The basic approach of the present invention is depicted in simplified form in FIG. 2. As in the previous drawing figure, there is a document 10 containing a curve 12 to be digitized positioned on and attached to the surface of a digitizing tablet 14. The stand-alone cursor 24 of this invention has a body 26 for gripping by the hand of a user and buttons 22 for indicating selection information to a computer, or the like, by the user. The cursor 24 is connected to the tablet 14 by the connecting cable 28. A quasi-sight window 30 occupies the forward portion of the body 26. Unlike the sight window 20 of the prior art devices, the quasi-sight window 30 is not transparent. Rather, as will be seen shortly, the curve portion 12' seen within the quasi-sight window 30 is actually a representation thereof on a display. A straight vertical positional line 32 is positioned in the middle of the quasi-sight window 30 and takes the place of the prior art cross-hairs 18. As long as the curve portion 12' is within the quasi-sight window 30, the point thereof intersected by the positional line 32 is the position which is output.
The way in which this is accomplished according to the technical aspects of the present invention can best be understood with reference to FIGS. 3 and 4 in combination with FIG. 2. The body 26 in the area of the quasi-sight window 30 has rectangular openings 34, 34' on the top and bottom, respectively. A charge couple device (CCD) sensing panel 36 is fastened over the bottom opening 34' inside of the body 26 while a liquid crystal display (LCD) panel 38 is fastened over the top opening 34 inside of the body 26. The CCD panel 36 and the LCD panel 38, in combination, "see" and display the "view" under the bottom opening 34'. The accuracy of the digitizing process is determined in part by the accuracy of the components used for the CCD panel 36 and the LCD panel 38 (principally the CCD panel 36); but, as will be appreciated from the description which follows hereinafter, another important source of accuracy is the sensing aspects of the tablet 14 and cursor 24 in combination, which is preferably according to techniques well known in the art which can produce highly accurate positional data in such instances.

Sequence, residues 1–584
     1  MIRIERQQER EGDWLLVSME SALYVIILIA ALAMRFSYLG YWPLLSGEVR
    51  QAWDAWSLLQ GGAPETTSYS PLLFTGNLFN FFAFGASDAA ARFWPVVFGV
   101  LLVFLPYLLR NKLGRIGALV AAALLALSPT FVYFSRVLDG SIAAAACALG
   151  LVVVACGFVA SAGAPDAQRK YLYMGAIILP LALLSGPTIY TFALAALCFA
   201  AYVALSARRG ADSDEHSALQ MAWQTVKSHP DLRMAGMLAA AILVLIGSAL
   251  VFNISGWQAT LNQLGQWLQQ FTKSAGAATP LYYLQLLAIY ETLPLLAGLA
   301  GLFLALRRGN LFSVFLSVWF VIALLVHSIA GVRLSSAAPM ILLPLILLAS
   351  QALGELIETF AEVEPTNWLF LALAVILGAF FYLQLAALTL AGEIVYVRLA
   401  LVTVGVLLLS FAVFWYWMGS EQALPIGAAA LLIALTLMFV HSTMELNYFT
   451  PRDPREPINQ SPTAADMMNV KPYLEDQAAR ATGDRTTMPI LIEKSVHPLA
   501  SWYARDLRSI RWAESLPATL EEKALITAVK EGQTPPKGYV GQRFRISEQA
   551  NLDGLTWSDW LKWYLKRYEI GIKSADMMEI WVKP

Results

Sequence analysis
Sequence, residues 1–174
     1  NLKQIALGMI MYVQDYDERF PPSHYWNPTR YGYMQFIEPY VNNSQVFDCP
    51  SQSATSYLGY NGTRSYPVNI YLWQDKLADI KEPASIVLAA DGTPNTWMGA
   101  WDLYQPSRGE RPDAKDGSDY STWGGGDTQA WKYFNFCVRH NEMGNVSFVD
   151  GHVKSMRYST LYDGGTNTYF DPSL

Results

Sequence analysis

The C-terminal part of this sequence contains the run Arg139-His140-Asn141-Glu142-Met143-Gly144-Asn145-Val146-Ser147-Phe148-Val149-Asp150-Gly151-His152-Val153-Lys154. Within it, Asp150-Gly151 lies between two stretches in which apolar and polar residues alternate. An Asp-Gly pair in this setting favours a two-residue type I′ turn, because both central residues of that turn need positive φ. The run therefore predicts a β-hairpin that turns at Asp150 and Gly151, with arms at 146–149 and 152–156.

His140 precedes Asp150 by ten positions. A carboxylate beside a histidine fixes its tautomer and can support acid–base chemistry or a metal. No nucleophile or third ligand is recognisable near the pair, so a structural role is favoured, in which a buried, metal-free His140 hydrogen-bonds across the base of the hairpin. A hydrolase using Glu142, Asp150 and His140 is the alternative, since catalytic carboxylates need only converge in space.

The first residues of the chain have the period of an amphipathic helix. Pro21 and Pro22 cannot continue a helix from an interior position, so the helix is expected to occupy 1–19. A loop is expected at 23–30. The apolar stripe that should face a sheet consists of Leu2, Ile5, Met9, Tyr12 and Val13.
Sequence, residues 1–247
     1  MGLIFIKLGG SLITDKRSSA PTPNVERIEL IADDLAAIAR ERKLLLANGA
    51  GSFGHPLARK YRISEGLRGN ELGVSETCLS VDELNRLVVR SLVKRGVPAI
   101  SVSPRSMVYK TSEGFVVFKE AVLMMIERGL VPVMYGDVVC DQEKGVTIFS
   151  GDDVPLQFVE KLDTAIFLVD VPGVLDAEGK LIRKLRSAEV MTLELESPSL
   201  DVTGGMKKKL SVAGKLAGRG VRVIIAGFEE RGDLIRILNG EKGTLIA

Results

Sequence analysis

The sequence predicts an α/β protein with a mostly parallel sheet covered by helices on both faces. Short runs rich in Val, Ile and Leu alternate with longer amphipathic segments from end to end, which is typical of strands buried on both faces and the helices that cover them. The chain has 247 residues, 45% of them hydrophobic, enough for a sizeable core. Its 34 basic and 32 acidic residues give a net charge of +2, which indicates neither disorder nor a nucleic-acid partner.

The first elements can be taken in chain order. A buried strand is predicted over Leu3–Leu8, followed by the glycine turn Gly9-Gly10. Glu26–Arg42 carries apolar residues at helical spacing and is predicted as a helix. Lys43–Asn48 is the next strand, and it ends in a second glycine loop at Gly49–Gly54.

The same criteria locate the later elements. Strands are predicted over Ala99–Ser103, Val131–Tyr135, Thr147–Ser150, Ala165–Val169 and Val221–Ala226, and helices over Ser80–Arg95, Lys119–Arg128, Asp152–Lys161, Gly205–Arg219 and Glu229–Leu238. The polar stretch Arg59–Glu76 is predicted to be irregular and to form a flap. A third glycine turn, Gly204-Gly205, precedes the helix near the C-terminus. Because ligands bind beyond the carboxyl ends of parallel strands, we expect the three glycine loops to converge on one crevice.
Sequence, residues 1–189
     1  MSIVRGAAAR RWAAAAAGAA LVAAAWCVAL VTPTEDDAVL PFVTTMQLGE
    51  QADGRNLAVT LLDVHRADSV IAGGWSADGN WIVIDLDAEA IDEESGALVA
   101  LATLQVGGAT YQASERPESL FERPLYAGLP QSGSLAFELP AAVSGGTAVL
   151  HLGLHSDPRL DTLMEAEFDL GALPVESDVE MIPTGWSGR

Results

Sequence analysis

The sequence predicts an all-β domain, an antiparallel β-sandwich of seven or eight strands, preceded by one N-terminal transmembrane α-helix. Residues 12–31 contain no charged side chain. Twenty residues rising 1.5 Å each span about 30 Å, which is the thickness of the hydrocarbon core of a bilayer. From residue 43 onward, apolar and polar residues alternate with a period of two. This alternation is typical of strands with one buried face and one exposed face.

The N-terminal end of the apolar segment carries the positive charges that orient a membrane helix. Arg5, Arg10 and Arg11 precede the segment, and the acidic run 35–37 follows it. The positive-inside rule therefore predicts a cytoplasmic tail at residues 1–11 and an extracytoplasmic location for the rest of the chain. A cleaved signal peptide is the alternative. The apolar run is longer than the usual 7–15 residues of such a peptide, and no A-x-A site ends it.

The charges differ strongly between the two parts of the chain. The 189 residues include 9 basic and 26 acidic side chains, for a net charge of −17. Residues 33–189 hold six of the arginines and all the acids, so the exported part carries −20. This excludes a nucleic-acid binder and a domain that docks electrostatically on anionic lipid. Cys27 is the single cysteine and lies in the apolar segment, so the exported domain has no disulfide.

Unlike prior art automated optical scanning systems where the viewing apparatus is fixed in orientation, as those skilled in the art will readily recognize and appreciate, the cursor 24 of this invention can be held by a user in various orientations on the surface of the tablet 14. Accordingly, the position-determining algorithms implemented as part of the operational logic contained in the EPROM 40 (to be discussed shortly) must take all this into consideration. Returning once again to FIG. 2 with particularity, what is required is know the exact position of a reference point 42 on the vertical positional line 32 as well as the tilt angle 44 of the vertical positional line 32. This is accomplished by employing two sensing points 46 within the body 26 rather than the one employed in the prior art devices at the location of the center of the cross-hairs 18. The assignee of this application employs coils in the cursors of its commercial digitizing products so as to interact electromagnetically with their tablets; so, it is preferred that a pair of coils be located at respective ones of the sensing points 46. It is most convenient to locate the sensing points 46 so as to be along a line 48 perpendicular to the positional line 32 and passing through the reference point 42 as indicated in the drawing. Employing well-known prior art techniques for digitizing, the position of the two sensing points 46 can be determined dynamically as the cursor 24 is moved over the surface of the tablet 14. Two points, of course, can be employed according to well-established mathematical techniques to determine a straight line. Thus, with the two end points determined at any point in time, it is a simple matter to determine the placement of the vertical positional line 32 and, employing standard mathematical interpolation techniques, to determine the location on the surface of the tablet 14 of the point of intersection between the curve 12, for example, and the vertical positional line 32. That, of course, is what is required mathematically to attain the objectives of this invention. In the case of use of the cursor 24 on a crowded drawing where more than one line or curve may be within the quasi-sight window 30 at any one time and be intersected by the vertical positional line 32, the center of the vertical positional line 32 is indicated by a crossing tick line 32' and the positional determination logic picks the intersection point closest to the crossing tick line 32' as the point to digitize.